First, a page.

Cleanup crews were out early Saturday clearing snow and ice from Manhattan streets for the city’s St. Patrick’s Day parade, a day after a heavy storm buffeted the East Coast and caused the cancellation of more than 1,400 flights.
The sleet, snow and freezing rain that pelted the East Coast on Friday had tailed off Saturday as the weather system moved northward.
“We got the whole gamut there,” Nelson Vaz, a meteorologist with the National Weather Service, said early Saturday. He called it “a pretty impressive late-winter storm.”
Eight inches of snow fell at Frostburg, Md., with 5 in New York City, and a record 2.13 inches of rain fell at Baltimore-Washington International Thurgood Marshall Airport. Up to 2 feet of snow fell in New York’s northern Catskills.
In Hartford, Conn. and York, Pa., officials postponed their annual St. Patrick’s Day parades. New York did not cancel its parade, and officials were expecting up to 2 million people to attend.
Hundreds of traffic accidents were blamed on the icy roads, including one involving a vehicle in President Bush’s motorcade traveling from Washington to Camp David. No one was injured.
The weather was blamed for at least six traffic deaths in New Jersey, three in Pennsylvania and one in Maryland, authorities said.
‘Nothing available all week’
JetBlue canceled nearly three-fourths of its scheduled flights on Friday to avoid the chaos that followed the Valentine’s Day storm, when the company was slow to cancel flights and some passengers were stranded in planes for hours.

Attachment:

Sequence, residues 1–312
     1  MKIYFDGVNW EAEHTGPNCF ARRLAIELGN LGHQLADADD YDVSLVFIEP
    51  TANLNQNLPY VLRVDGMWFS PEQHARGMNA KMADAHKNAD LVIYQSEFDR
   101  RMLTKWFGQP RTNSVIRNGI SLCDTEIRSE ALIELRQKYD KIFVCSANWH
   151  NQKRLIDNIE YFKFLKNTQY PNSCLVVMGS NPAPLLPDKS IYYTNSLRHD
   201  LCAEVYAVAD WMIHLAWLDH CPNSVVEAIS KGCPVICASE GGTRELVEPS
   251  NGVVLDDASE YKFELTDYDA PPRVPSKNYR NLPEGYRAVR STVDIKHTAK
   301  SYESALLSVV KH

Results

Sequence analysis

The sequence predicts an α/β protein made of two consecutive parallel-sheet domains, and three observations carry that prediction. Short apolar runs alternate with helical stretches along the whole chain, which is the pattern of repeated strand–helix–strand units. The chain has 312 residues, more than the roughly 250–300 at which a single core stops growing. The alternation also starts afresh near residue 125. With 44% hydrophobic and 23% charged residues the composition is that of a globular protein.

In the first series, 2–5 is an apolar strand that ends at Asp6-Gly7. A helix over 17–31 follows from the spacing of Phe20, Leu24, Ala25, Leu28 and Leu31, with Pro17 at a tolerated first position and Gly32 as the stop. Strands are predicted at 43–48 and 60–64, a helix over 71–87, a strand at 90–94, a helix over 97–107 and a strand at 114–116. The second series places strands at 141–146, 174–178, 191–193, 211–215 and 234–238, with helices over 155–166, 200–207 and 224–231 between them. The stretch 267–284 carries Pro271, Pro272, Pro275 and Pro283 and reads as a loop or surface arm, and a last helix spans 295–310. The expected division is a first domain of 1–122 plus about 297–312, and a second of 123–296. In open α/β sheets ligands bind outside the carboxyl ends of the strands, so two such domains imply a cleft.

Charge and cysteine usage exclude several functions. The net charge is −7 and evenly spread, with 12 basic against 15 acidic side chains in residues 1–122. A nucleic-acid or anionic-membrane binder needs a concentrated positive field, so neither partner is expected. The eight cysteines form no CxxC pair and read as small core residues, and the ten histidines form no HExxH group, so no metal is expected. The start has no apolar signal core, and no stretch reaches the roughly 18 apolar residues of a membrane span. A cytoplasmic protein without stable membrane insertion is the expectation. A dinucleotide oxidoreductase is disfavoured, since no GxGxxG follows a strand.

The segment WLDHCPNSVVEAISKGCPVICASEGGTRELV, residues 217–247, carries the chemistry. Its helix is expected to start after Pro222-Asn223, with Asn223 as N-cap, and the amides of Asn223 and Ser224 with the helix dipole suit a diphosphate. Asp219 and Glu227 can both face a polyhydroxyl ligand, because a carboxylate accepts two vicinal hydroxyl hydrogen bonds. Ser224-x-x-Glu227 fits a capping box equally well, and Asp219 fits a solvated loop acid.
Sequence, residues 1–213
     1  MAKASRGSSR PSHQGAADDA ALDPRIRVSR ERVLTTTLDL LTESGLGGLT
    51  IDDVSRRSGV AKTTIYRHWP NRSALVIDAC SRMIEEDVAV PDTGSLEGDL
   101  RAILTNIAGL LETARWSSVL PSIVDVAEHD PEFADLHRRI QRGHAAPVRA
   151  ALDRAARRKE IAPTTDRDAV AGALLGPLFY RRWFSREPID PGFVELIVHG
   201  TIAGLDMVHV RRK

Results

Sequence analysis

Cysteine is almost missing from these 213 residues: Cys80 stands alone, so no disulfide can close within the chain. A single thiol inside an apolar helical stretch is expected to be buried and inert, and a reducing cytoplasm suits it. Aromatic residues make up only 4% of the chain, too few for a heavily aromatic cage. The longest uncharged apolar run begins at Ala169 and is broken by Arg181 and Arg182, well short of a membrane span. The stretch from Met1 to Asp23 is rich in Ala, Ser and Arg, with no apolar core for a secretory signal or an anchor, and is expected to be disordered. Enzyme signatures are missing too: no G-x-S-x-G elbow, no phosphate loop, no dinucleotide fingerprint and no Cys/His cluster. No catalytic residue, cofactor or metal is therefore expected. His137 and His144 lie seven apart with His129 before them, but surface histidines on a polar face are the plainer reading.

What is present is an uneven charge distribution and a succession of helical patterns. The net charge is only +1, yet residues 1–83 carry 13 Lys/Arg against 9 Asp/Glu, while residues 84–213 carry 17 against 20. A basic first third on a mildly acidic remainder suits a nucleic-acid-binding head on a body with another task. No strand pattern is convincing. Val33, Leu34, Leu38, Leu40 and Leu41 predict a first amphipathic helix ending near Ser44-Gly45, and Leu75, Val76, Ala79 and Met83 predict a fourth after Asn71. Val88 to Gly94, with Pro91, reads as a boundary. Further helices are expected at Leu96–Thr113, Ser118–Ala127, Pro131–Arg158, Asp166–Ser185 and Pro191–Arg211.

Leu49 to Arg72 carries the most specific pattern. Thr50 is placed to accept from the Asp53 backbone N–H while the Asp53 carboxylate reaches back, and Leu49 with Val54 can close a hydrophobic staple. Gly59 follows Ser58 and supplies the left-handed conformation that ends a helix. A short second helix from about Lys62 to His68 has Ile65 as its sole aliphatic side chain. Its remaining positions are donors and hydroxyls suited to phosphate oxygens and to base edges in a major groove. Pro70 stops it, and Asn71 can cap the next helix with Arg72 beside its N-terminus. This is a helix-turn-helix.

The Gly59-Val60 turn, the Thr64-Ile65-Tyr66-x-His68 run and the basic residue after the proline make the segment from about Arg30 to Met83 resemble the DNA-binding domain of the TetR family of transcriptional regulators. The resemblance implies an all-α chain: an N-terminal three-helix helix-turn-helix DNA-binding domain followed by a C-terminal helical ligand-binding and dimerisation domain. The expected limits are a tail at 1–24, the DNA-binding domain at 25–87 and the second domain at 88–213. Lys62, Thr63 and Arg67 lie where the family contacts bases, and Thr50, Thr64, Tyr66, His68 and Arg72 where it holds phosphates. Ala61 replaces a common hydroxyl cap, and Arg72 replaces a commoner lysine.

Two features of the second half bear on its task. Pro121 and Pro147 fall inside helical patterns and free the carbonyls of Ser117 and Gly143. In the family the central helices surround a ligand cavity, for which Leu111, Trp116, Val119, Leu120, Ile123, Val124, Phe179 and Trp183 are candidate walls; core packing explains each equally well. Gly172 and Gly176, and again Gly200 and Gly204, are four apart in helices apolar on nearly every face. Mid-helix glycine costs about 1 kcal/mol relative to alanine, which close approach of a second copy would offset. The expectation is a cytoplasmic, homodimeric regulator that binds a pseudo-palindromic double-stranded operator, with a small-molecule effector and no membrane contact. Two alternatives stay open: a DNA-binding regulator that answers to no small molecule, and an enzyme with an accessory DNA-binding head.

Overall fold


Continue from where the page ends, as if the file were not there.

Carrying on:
The airline also called off about 30 flights early Saturday, spokeswoman Jenny Dervin said. But she said JetBlue was expecting few, if any, cancellations after 9 a.m.
The Port Authority of New York and New Jersey said more than 1,400 flights were canceled Friday at the region’s three major airports because of the storm. Delays also were reported at airports in Philadelphia, Pittsburgh, Baltimore-Washington and Boston.
At Newark International, Karen Opdyke was trying to get to Miami for a cruise with her husband, three young children and mother after their 9 a.m. flight was canceled.
“We got on the plane, we got off the plane. We got on the plane and off the plane,” Opdyke, 48, said as she balanced a crying child next to a pile of luggage. She didn’t have any luck rescheduling. “There’s nothing available all week.”
Cancelled campaign appearances
In New Hampshire, three presidential hopefuls canceled appearances because of the weather — Sen. John McCain, R-Ariz.; Sen. Barack Obama, D-Ill., and Sen. Chris Dodd, D-Conn. McCain, Dodd and Sen. Joe Biden, D-Del., were campaigning in the state Saturday.
Schools were closed throughout the Northeast and some government agencies sent workers home early.
Winter officially ends at the vernal equinox Tuesday evening, but climatologists said it was not unusual for storms to arrive well into March.
“Usually you have the biggest storms in March,” said meteorologist Kevin Lipton in Albany, N.Y.
On Thursday, the National Oceanic and Atmospheric Administration reported that this winter was the warmest worldwide since record keeping began in 1880.